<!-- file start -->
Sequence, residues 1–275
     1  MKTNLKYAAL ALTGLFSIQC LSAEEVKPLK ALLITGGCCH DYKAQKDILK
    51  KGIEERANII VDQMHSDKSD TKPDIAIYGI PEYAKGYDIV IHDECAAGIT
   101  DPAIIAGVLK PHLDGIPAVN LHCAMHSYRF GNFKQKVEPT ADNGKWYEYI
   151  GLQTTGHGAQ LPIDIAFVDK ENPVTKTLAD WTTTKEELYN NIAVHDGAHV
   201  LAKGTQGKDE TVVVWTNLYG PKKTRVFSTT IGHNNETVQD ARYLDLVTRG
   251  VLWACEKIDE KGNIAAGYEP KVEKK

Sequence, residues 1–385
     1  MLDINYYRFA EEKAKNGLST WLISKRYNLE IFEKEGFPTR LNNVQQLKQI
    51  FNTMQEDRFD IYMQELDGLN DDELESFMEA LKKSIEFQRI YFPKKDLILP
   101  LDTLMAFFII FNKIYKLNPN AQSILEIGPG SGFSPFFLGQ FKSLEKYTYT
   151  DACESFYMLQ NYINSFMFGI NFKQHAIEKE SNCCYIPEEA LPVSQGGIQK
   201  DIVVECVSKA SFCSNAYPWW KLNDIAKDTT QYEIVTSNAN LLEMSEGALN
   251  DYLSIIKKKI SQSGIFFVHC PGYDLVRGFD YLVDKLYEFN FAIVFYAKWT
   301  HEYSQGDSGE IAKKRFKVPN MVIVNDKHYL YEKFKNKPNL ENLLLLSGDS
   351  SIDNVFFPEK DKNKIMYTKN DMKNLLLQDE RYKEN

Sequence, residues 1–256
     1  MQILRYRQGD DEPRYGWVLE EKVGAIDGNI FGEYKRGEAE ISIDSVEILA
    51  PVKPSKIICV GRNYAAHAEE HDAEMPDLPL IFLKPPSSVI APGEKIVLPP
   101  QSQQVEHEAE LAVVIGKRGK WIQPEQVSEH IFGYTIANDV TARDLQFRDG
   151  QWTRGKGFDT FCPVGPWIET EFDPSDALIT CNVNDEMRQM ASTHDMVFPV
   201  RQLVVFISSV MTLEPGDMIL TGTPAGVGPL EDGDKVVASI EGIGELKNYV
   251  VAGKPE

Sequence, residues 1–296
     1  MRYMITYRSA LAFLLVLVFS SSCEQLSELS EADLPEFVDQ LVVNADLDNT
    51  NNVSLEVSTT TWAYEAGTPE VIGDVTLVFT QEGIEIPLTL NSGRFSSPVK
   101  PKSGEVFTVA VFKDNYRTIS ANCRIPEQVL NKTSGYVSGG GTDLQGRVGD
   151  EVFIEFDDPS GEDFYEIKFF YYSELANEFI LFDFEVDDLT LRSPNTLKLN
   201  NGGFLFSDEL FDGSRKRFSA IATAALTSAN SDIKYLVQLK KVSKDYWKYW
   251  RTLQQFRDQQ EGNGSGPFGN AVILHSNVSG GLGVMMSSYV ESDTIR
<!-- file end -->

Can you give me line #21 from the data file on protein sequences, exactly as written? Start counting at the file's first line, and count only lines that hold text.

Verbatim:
   151  QWTRGKGFDT FCPVGPWIET EFDPSDALIT CNVNDEMRQM ASTHDMVFPV